Rick Downer at the Geek Shop creates a series of nautical ornaments, just for fun. (Tim Collins - Sooke News Mirror)

Sooke ‘s interest in 3D printing is growing

Technological advances ean that creation is limited only by imagination

Another outlet touting the endless possibilities of 3D printing has come to Sooke and Rick Downer of the Geek Shop can only imagine where the technology will be in a few years time.

“I’ve been doing this for about two years now, and I’ve seen some pretty amazing advances already,” Downer said.

He has two machines available to the public at his Sooke Road shop and maintains that pretty much anyone can learn to create whatever they can imagine using the process commonly known as 3D printing but more accurately called additive manufacturing.

“You can 3D print anything these days. So long as you can get it through the print nozzle, you can print with it,” Downer said.

In fact, the process can use precious metals like silver and gold, chocolate, even meat, to create items. The only limit to what is printed is the imagination of its creator. Even houses have been printed and there is speculation that the housing industry may find itself facing a printed house revolution.

And learning to design items is not as arduous as many might assume.

“It took my 13-year-old daughter about two weeks to learn how to do it. The hardest part is probably learning to use the CAD (computer assisted design) program. But it’s not like you’re learning Greek,” Downer said.

Downer’s printers came as the first private business to venture into the 3D printing field, adding to the facilities that were unveiled when Makerspace at Edward Milne Community School opened in May 2018.

That facility is open to the public as well and EMCS offers training for those who are looking to learn about the technology.

So what is 3D printing?

It’s a process that involves the manufacture of an item, layer by layer, based upon a computer generated design.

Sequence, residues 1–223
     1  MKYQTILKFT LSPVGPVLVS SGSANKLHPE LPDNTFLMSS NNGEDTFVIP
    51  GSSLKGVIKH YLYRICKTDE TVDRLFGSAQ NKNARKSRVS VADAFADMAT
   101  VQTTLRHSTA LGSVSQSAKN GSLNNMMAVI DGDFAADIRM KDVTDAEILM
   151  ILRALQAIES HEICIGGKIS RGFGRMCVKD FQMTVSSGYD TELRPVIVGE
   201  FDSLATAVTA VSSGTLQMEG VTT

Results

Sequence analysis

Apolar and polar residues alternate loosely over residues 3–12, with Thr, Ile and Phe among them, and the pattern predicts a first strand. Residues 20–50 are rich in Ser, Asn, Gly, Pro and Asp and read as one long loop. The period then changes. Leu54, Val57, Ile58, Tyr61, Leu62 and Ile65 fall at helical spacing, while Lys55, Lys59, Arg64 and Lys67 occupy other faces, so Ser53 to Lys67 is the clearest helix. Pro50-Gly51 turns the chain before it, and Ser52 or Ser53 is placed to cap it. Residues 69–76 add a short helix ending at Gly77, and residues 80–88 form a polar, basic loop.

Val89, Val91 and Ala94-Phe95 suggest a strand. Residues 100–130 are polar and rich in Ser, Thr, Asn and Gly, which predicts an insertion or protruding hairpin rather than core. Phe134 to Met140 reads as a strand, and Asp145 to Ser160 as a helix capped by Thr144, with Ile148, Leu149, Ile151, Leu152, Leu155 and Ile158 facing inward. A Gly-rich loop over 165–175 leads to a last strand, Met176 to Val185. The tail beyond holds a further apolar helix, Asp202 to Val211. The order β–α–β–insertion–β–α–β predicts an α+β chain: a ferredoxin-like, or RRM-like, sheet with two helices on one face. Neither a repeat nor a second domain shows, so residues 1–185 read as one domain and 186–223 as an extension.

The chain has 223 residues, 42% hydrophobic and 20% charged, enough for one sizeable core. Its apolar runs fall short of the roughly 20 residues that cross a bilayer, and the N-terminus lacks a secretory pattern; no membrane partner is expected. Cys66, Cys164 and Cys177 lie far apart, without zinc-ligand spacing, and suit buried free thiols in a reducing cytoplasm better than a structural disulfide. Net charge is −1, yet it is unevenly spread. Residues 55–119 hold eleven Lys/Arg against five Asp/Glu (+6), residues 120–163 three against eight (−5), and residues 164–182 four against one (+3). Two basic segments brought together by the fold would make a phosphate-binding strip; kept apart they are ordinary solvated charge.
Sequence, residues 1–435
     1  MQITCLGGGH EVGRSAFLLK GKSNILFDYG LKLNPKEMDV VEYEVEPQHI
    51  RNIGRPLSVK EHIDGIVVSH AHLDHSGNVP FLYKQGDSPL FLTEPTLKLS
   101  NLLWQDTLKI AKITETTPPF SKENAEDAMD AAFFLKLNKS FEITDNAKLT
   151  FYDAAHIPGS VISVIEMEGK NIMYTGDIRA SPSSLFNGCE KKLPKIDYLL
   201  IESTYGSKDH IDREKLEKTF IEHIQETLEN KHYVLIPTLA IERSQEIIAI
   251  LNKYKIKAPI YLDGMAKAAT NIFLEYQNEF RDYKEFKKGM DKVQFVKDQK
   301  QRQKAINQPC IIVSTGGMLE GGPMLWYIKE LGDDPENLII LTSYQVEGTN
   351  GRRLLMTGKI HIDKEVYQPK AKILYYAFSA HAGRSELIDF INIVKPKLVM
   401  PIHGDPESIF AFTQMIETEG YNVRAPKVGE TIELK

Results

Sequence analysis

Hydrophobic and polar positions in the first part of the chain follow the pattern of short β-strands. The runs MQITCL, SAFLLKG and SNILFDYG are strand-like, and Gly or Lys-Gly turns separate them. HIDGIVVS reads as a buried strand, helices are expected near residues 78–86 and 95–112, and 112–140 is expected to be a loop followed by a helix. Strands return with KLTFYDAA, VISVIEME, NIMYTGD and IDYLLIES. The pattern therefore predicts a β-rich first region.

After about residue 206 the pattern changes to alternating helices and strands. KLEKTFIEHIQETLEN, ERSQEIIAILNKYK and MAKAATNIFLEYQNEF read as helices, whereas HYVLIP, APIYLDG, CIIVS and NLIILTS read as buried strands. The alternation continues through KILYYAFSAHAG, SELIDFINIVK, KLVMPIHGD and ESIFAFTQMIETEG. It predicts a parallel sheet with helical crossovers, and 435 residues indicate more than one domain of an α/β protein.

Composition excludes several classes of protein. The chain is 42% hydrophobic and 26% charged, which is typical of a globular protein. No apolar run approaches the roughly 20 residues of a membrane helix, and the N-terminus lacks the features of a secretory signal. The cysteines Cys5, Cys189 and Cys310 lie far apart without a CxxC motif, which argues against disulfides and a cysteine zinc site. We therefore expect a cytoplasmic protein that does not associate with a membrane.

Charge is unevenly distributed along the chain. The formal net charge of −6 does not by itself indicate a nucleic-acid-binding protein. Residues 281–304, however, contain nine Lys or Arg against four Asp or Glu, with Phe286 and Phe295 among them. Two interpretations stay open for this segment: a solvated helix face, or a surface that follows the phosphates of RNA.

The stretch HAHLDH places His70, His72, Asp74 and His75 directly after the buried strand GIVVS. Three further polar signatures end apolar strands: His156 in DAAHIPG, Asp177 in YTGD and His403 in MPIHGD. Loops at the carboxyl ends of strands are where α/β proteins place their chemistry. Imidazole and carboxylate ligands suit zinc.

The process is very different from the traditional manufacturing technologies that have been used since the dawn of time and represents a turning point that experts have said will be as transformative as the introduction of the internet.

READ ALSO: Vancouver Island teen aims to build a bionic arm

Kate Forrest, the owner of Replik8 in Victoria, is an internationally acknowledged expert in the field of 3D printing and has taught courses in the technology to students of the University of Victoria.

“This is a tool like any other tool, but one with enormous potential to change the way we do things,” Hinkley said.

“I’ll give you an example. I had the vintage Volvo collectors club approach me. It seems that there was a particular type of vintage hubcap that is nearly impossible to find. We printed them for the club, improving the design slightly so that the hubcaps didn’t fly off the car in the way that the original design had.”

But Forrest cautions that there is still a way to go before the average person can fabricate complex items.

“Still, it’s very captivating and who knows what the future will hold for the technology?” she said.

Downer invites anyone interested in learning about or trying out 3D printing technology to visit him at the Geek Shop at 596 Sooke Rd. You can also contact Makerspace at EMCS or go online to emcsprograms.ca/makerspace.

Like us on Facebook and follow us on Twitter

Get local stories you won't find anywhere else right to your inbox.
Sign up here

Just Posted

VicPD confirms wolf sighting in James Bay

Police ask that children and pets be taken inside

VIDEO: Furry, four-legged donors make their way to doggy blood drive in Langford

WAVES and Canadian Animal Blood Bank host blood drive for dogs

Annual Salmon Carcass Transplant draws Saanich residents to Douglas Creek

More than 100 frozen salmon tossed into the creek as part of ecological restoration

Colwood hosts open house on future of Royal Bay community

Event takes place on Jan. 22 at Royal Bay Secondary from 6 to 8 p.m.

WATCH: Police warn car break-ins are on the rise in Greater Victoria

Residents can ‘take precautions to make their vehicle undesirable,’ says VicPD spokesperson

‘Presumptive case’ of coronavirus in Canada confirmed by Ontario doctors

Man in his 50s felt ill on his return to Canada from Wuhan, China

VIDEO: Drone footage shows extent of damage in Highway 4 rockslide

Tofino, Ucluelet still cut off from rest of the island, as crews work to repair roadway

People knowingly take fentanyl so make policy changes to reduce harm: B.C. study

Dr. Jane Buxton, an epidemiologist at the centre, says drug users need more resources,

‘My heart is going to bleed’: Bodies brought back to Canada following Iran plane crash

Remains of Sahar Haghjoo, 37, and her eight-year-old daughter, Elsa Jadidi, were identified last weekend

BCLC opens novelty bet on Harry and Meghan moving to the west coast

Meanwhile, real estate agency points to four possible homes for the family

Canada slips in global corruption ranking in aftermath of SNC-Lavalin scandal

The country obtained a score of 77, which places it at the top in the Americas

Wuhan bans cars, Hong Kong closes schools as coronavirus spreads

Hong Kong leader Carrie Lam said her government will raise its response level to emergency, highest one

Vernon woman suing McDonald’s for spilled coffee

Woman seeking nearly $10K, says employee failed to put lid on properly

Most Read